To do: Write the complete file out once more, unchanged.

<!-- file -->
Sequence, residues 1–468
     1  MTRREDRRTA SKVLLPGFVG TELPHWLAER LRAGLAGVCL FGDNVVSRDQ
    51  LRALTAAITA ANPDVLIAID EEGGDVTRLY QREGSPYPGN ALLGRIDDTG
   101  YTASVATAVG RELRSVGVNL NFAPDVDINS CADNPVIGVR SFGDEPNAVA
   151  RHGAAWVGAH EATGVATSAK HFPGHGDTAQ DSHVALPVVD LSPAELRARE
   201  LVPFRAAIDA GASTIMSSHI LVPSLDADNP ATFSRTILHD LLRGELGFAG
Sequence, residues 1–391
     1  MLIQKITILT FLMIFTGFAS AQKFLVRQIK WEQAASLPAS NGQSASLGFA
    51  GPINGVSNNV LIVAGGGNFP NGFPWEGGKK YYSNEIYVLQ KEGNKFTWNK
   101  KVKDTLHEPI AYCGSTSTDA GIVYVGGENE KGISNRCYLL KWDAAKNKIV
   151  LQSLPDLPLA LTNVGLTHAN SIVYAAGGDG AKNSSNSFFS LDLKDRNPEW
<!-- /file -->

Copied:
Sequence, residues 1–468
     1  MTRREDRRTA SKVLLPGFVG TELPHWLAER LRAGLAGVCL FGDNVVSRDQ
    51  LRALTAAITA ANPDVLIAID EEGGDVTRLY QREGSPYPGN ALLGRIDDTG
   101  YTASVATAVG RELRSVGVNL NFAPDVDINS CADNPVIGVR SFGDEPNAVA
   151  RHGAAWVGAH EATGVATSAK HFPGHGDTAQ DSHVALPVVD LSPAELRARE
   201  LVPFRAAIDA GASTIMSSHI LVPSLDADNP ATFSRTILHD LLRGELGFAG
Sequence, residues 1–391
     1  MLIQKITILT FLMIFTGFAS AQKFLVRQIK WEQAASLPAS NGQSASLGFA
    51  GPINGVSNNV LIVAGGGNFP NGFPWEGGKK YYSNEIYVLQ KEGNKFTWNK
   101  KVKDTLHEPI AYCGSTSTDA GIVYVGGENE KGISNRCYLL KWDAAKNKIV
   151  LQSLPDLPLA LTNVGLTHAN SIVYAAGGDG AKNSSNSFFS LDLKDRNPEW